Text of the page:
Does Deuba have a ‘Plan B’?

Kamal Dev Bhattarai

Kamal Dev Bhattarai

Does Deuba have a ‘Plan B’?

Deuba fears that a unilateral decision on elections could split the coalition | Photo: RSS

Prime Minister Sher Bahadur Deuba is under immense pressure to announce local elections dates. On January 25, the Election Commission issued yet another statement, urging him to soon fix the dates.

Other Nepali Congress leaders, members of civil society, and media are warning him against paralyzing local governments by deferring polls. But then his key coalition partners want to postpone local elections from April/May to November. CPN (Maoist Center) and CPN (Unified Socialist) are of the view that elections should be held six months after the expiry of local bodies’ terms in May this year.

Says Nepali Congress Central Working Committee member Min Bishokarma, PM Deuba is making utmost effort to convince coalition partners to agree to April-May local elections. “As the prime minister is in favor of holding local elections by removing legal ambiguities, it is incorrect to imply that he wants to defer elections,” says Bishokarma.

The main opposition, CPN-UML, is in favor of timely elections. On January 23, UML came out with a strong statement against postponing elections under any pretext. But the best way for UML to ensure timely local elections, say Congress leaders, is to agree to reopen the parliament.

UML chief whip Bishal Bhattarai does not think the opposition has a substantive role in creating an environment for elections. “We are in favor of holding timely elections but some parties in government fear losing and want to postpone them,” he says.

Deuba fears that a unilateral decision on elections could split the coalition. Says Bishokarma, though Deuba is in favor of timely elections, he does not want to upset coalition partners either, which means Deuba won’t announce poll dates without consensus within the coalition.

There are also other issues on which there are divergent opinions inside the ruling coalition, affecting Deuba. For instance, he wants early parliamentary ratification of the MCC compact. But his coalition partners particularly CPN (Maoist Center) and CPN (Unified Socialist) oppose that. They say the MCC compact can be endorsed only after its amendment.

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Deuba also wants to avoid the possible communist re-unification or alliance ahead of the upcoming elections. He attributes the NC’s poor showing in 2017 elections to the left alliance formed on their eve. It would be easier for Nepali Congress to emerge as the largest party if communist parties continue to share bad blood.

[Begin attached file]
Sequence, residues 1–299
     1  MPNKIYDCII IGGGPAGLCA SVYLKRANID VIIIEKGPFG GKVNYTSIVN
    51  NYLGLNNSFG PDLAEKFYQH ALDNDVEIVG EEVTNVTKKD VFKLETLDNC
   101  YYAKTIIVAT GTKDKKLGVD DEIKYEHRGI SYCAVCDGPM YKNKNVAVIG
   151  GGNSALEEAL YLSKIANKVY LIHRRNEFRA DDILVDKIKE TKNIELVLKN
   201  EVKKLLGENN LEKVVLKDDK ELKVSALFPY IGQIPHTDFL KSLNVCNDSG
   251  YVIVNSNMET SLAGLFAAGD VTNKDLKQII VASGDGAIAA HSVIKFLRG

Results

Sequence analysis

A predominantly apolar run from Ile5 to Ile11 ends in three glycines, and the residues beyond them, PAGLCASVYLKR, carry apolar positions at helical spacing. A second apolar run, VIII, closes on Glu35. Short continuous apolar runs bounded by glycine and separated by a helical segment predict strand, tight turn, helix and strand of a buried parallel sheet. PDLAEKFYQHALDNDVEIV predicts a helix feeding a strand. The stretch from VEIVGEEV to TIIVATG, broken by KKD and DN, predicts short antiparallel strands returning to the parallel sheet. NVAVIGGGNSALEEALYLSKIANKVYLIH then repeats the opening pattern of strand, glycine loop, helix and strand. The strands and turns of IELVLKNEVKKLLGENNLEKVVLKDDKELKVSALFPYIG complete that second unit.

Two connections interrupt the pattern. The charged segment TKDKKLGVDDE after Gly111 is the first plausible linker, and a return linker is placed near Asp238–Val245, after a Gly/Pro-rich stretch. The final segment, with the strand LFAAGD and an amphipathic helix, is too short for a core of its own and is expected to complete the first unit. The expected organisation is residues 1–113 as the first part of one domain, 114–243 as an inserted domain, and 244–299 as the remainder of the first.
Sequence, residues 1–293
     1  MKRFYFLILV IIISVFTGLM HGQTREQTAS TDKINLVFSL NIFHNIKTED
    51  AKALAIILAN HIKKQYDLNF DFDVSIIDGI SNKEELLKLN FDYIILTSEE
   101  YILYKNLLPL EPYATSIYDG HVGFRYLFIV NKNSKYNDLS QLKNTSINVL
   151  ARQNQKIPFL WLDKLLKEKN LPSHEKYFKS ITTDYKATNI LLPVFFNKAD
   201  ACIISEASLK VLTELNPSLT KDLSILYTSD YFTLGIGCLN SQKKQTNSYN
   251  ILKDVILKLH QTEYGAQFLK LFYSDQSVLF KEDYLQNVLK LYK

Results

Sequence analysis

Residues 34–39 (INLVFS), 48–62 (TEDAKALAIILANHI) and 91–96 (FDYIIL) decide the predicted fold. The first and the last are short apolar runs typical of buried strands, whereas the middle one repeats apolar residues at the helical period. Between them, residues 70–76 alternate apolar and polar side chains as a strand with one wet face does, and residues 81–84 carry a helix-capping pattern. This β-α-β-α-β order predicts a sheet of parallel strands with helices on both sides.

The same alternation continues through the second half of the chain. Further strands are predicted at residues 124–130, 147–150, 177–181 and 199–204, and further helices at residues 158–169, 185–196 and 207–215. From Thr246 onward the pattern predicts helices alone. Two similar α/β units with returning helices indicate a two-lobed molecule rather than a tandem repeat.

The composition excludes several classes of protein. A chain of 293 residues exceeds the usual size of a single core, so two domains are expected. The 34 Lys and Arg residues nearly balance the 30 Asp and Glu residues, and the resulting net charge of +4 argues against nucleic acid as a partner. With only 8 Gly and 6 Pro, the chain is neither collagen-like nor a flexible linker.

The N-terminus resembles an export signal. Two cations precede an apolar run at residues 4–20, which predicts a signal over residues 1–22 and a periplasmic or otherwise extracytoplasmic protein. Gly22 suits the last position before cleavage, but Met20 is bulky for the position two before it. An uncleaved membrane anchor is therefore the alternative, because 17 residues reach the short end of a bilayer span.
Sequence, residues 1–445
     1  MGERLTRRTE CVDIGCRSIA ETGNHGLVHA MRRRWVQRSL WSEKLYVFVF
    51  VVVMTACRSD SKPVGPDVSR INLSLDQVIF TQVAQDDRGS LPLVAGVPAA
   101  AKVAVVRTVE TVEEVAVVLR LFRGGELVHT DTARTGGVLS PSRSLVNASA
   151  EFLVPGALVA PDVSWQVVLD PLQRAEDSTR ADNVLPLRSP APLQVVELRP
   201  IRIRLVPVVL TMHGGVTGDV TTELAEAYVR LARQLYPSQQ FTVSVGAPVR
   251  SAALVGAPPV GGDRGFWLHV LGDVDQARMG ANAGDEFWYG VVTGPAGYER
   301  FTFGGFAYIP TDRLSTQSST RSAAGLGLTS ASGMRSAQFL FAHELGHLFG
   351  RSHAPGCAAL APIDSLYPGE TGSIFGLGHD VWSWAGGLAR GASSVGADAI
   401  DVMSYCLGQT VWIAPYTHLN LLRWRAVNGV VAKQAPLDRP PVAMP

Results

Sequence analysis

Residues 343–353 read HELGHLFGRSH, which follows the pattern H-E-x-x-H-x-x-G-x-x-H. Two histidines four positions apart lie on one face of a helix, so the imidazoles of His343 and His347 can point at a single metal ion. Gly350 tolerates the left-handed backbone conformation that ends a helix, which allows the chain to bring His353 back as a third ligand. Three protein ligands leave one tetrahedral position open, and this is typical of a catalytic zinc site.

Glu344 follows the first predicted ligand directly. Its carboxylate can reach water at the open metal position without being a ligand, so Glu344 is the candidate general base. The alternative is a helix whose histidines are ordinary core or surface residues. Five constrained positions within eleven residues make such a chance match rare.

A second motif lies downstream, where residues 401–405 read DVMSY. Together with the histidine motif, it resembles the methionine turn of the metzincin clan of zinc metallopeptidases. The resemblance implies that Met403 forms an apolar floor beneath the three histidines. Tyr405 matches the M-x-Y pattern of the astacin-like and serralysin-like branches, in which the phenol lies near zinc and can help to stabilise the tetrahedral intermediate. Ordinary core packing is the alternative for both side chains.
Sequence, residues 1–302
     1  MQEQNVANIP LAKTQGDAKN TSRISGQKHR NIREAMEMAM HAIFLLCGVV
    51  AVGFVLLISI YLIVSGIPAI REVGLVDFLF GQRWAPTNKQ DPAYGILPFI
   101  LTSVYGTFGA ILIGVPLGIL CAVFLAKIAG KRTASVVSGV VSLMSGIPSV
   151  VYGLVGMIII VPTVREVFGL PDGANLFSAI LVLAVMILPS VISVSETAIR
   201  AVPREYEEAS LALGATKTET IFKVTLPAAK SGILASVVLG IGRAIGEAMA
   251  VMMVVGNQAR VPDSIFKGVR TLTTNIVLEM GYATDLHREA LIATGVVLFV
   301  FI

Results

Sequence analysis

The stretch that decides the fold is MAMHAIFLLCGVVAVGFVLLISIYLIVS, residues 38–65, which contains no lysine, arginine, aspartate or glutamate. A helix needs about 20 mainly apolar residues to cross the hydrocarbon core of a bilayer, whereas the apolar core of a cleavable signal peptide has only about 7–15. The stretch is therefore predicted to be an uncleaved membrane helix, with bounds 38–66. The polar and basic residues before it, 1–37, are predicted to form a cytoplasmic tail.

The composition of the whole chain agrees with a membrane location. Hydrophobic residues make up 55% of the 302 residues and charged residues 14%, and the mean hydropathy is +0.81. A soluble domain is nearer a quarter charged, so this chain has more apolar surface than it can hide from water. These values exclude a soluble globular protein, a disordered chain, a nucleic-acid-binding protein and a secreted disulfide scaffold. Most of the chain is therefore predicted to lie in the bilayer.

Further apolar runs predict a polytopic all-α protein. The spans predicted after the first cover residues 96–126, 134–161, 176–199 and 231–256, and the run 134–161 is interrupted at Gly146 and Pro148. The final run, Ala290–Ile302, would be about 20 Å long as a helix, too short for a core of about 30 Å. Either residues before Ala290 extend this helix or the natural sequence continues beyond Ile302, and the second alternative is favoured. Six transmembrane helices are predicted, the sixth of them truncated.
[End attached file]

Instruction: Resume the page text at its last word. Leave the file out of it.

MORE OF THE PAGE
To do so, he seems ready to share some seats with left parties, mainly in the constituencies of their top leaders and where NC’s position is weak. Deuba also feels politically and morally obliged to keep the coalition intact: he could not have become the prime minister without the support of the Maoists and Unified Socialist.

Despite his firm commitment to retaining the current coalition, Deuba is not fully optimistic about its longevity either. So, he is also mulling a Plan B.

A few weeks back, Deuba for the first time since becoming prime minister last July reached out to UML Chairman KP Oli and proposed power-sharing along with the endorsement of the MCC compact. But the meeting apparently didn’t serve the intended purpose.

PM Deuba is reaching out to opposition parties to create an environment for elections, says Bishokarma. “Deuba has told UML that lifting of parliament obstruction will pave the way for timely local elections.”  

If the opposition removes the parliament obstruction thus clearing the legal challenges for local elections, the two sides could come together. “In the meeting with PM Oli, Deuba had requested UML join the government and help endorse the compact, he had also shared his difficulties with current coalition partners,” says Bhattarai.

Moreover, there is a strong sentiment in the NC that the party should rethink the coalition’s continuation. They fear the communist parties in the government are using the Congress party to create an electoral environment in their favor.

On January 24, the Shekhar Koirala faction of Nepali Congress concluded that one, elections must take place on time and two, that the party should not ally with communist parties.  Says senior NC leader Jagadish Narasingh KC, the government is preparing to postpone elections without any discussions inside the party.

It would be suicidal to take vital decisions on local elections and amendment of laws without holding consultations inside the party, says KC. NC and PM Deuba apparently have little to gain but a lot to lose by deferring polls. On the other hand, the main opposition’s principal strategy at this point is engineering a split in the coalition to turn the electoral balance in its favor.

Even if there is an agreement in the ruling coalition on poll dates, its partners will start to bargain with Deuba on a small-scale electoral alliance. But, again, there are strong voices inside NC that the party should not strike any alliance with communist parties.

Deuba may be in a comfortable situation in and outside the party but national politics could lose way if there is a crack in the coalition. For instance, if the coalition splits and UML does not rescue him, Deuba could dissolve the Parliament.